Strassheim, J. (2022). Neoliberalism and Post-Truth: Expertise and the Market Model. Theory, Culture & Society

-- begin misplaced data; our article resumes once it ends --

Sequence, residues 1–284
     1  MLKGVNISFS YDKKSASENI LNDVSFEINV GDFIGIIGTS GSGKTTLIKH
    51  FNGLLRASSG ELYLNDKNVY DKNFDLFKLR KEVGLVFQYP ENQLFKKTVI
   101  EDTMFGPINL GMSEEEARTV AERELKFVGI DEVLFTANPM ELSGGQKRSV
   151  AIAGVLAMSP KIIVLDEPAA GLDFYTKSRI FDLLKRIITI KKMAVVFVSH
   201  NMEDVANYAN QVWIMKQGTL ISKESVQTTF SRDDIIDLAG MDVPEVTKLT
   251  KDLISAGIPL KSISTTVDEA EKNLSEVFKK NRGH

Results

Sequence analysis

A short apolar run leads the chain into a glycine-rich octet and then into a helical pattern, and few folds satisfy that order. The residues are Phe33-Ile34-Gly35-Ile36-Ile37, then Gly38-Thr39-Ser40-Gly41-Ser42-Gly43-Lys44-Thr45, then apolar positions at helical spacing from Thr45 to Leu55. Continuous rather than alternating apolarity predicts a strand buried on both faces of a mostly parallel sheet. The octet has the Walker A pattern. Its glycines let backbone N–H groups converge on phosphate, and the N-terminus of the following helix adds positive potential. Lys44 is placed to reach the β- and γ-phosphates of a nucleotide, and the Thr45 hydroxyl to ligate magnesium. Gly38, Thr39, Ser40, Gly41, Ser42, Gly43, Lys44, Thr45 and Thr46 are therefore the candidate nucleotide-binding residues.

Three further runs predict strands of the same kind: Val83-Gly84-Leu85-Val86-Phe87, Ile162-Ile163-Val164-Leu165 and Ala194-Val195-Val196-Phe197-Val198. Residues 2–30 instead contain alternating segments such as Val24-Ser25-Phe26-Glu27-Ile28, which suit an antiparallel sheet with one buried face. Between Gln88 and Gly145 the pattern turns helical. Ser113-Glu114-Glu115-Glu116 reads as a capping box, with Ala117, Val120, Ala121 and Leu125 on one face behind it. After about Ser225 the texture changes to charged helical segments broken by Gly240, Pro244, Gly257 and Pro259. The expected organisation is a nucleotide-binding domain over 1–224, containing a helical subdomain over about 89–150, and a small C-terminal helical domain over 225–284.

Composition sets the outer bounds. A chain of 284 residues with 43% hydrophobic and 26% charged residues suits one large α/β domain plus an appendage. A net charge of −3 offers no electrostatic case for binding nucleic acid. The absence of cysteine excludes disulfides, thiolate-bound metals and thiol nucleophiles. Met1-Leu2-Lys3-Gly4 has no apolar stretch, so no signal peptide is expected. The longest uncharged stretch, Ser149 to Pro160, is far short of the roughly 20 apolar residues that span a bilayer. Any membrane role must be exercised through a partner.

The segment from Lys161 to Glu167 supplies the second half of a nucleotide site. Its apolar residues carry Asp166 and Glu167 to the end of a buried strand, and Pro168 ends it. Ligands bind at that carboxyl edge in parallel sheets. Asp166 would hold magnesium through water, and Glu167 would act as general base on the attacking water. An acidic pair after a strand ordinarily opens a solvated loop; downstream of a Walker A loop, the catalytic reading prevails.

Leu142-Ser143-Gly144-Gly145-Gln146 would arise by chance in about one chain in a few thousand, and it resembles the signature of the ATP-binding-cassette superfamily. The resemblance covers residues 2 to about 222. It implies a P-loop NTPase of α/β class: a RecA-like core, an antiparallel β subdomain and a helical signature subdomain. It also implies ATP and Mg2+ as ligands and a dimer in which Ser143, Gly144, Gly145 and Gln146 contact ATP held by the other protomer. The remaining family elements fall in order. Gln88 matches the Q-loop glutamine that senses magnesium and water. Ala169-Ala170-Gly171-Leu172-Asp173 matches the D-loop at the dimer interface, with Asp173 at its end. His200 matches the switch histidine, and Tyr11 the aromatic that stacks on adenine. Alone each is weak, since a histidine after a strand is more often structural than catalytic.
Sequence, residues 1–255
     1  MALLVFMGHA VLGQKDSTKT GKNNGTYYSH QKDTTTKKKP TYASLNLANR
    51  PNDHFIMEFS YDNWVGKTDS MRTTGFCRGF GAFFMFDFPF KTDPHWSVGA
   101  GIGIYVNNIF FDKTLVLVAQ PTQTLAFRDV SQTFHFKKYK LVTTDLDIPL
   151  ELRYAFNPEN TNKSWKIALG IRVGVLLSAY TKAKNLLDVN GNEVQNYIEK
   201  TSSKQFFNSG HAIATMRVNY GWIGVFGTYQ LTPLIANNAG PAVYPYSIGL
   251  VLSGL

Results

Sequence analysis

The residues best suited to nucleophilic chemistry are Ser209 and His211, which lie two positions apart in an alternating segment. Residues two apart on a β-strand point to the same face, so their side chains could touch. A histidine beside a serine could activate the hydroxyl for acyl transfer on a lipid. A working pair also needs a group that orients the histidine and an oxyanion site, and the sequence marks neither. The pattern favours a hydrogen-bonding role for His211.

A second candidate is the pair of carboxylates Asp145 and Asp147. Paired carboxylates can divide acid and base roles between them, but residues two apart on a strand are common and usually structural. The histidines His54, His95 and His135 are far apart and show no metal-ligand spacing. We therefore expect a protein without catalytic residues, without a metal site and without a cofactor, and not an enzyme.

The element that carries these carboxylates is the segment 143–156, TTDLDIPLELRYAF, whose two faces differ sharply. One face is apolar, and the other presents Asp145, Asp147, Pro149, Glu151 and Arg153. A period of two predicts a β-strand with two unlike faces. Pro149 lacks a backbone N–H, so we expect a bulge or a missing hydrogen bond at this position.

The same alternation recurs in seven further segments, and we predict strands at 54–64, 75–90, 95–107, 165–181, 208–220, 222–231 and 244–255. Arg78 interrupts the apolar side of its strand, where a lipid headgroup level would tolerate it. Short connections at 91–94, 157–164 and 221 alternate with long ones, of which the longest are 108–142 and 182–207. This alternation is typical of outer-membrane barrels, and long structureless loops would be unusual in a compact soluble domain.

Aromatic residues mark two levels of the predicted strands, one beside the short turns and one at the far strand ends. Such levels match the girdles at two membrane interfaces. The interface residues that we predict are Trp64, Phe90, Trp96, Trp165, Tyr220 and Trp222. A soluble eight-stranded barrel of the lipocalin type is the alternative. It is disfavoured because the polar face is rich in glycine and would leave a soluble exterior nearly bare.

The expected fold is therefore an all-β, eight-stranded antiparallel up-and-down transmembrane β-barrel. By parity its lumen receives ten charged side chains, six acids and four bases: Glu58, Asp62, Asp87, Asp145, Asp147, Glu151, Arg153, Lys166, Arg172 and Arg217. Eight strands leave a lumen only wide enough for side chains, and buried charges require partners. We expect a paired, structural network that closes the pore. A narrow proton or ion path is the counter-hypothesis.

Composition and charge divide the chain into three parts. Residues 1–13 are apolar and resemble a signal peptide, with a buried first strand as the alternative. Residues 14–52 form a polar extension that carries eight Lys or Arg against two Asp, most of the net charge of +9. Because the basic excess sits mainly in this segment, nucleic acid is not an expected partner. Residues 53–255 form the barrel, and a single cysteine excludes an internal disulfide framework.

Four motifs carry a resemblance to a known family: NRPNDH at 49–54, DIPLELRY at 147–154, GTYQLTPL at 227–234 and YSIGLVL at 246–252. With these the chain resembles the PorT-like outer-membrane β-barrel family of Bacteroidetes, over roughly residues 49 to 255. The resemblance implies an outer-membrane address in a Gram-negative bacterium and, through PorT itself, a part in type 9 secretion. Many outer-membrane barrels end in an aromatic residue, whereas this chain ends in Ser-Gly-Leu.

Contrary to widespread assumptions, post-truth politicians formally adopt a rhetoric of ‘truth’ but turn it against established experts. To explain one central factor behind this destructive strategy and its success with voters, I consider Walter Lippmann and Friedrich Hayek, who from 1922 onwards helped develop and popularize a political rhetoric of ‘truth’ in terms of scientific expertise. In Hayek’s influential version, market economics became the crucial expert field. Consequently, the 2008 financial crisis impacted attitudes towards experts more generally. But even sweeping rejection of experts continues to use the rhetoric, by now dominant, of expert truth. Paradoxically, this bipartisan language fuels division as opponents accuse each other of disregarding ‘truth itself’. Against the underlying metaphysics of context-free ‘facts’, John Dewey and Alfred Schutz recommend understanding truth as ‘presumptive’ knowledge produced within human practices, which can be robust but requires a readiness to engage in pluralistic and open-ended processes of (re-)contextualization.